Testing the spatial affordance hypothesis: Evidence from factor analysis, mathematical models, and behavioural analysis
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This thesis attempts to explain the apparent link between how we navigate the world around us and the physical properties that define that world. Despite a number of works indicating the substantial effect of the layout of the environment – both as a whole and within a viewpoint – no work to date has directly attempted to address how and what physical properties shape our navigation through space. This research question is examined in the context of a direct relationship between the physical environment and our movement choices – an affordance. To test this idea, the question is approached from the ground up using a combination of spatial analysis, mathematical modeling, and behavioural analysis, to reveal that a small family of local perceptual variables, but particularly that of mean surface depth, is capable for accounting for much of our movements in space, even when the environment is largely disorganized. Using Factor Analysis (Chapter Two), three studies using data drawn from both artificial and real-world spaces reveal a critical link between the local perceptual characteristics of the environment and properties and the complexity of space lying outside the local perceptual space. Chapter Three explores the capacity of these specific local perceptual variables to guide navigation behaviour in a way that is consistent with the concept of an affordance. Across all approaches, the variable of mean surface depth is shown to both systematically relate to the layout of the world around us and guide our movement choices within that world. In establishing this affordance – Depth Afforded Navigation – a novel link between studies of local perception and the layout of space can be established and built upon in future work. This work not only sheds new light on how common patterns of navigation behaviour occur, but also allows the often disparate approaches (i.e., space syntax, isovist analysis, angular segment analysis, etc.) used to understand the role of space to be understood under one unifying model.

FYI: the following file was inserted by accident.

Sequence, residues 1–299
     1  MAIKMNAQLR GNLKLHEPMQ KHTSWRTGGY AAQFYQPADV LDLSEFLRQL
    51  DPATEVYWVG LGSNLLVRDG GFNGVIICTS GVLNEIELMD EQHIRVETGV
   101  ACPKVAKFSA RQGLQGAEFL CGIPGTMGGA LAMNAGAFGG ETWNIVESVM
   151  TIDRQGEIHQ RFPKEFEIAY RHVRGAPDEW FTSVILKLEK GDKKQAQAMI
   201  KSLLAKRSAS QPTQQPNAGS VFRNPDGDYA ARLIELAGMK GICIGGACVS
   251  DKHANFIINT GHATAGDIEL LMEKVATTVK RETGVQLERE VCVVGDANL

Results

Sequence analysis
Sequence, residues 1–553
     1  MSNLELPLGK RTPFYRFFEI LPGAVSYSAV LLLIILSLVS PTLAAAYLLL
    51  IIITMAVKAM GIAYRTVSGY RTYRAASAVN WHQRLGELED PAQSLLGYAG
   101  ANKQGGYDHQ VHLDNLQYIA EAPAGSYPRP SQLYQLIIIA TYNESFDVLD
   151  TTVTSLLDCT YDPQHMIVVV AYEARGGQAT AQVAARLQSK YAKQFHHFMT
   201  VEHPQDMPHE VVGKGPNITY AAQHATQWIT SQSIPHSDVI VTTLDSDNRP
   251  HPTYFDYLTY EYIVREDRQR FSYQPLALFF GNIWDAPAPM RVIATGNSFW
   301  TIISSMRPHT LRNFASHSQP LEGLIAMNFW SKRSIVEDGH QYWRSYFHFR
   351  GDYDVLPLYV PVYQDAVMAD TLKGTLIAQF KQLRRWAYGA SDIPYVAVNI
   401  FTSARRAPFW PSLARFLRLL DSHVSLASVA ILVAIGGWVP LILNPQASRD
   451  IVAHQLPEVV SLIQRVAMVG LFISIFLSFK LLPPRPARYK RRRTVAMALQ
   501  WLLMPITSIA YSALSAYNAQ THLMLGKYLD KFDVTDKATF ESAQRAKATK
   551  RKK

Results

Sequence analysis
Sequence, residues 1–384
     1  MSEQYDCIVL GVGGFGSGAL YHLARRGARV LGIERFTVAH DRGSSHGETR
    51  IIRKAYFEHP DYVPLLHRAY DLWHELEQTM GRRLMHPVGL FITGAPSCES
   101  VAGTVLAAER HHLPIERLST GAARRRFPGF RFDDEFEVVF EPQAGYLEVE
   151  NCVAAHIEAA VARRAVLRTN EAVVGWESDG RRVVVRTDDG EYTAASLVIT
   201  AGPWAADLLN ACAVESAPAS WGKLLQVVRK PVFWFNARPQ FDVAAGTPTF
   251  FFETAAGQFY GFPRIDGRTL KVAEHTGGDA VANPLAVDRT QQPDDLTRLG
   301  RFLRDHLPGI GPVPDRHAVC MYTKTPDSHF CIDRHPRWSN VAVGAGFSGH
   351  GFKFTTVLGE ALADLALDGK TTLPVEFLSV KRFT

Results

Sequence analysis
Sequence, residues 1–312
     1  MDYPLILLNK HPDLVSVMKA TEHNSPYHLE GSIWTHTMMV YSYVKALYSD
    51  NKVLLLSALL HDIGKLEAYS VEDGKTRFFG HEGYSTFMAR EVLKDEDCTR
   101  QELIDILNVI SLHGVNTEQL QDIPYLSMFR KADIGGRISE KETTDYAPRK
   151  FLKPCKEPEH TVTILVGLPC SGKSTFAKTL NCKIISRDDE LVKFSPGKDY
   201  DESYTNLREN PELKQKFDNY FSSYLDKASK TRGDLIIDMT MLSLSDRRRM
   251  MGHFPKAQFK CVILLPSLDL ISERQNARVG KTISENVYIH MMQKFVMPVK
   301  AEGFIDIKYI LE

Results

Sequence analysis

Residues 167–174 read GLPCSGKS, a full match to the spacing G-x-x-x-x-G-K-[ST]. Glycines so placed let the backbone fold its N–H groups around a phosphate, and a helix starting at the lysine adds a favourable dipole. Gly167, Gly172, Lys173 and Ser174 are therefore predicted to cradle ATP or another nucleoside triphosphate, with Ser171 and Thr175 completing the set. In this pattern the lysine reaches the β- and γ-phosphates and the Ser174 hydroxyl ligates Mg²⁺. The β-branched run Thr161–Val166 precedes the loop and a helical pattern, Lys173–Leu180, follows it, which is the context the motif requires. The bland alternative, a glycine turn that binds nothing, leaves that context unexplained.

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Kevin Richard Barton (2015). Testing the spatial affordance hypothesis: Evidence from factor analysis, mathematical models, and behavioural analysis. UWSpace. http://hdl.handle.net/10012/9753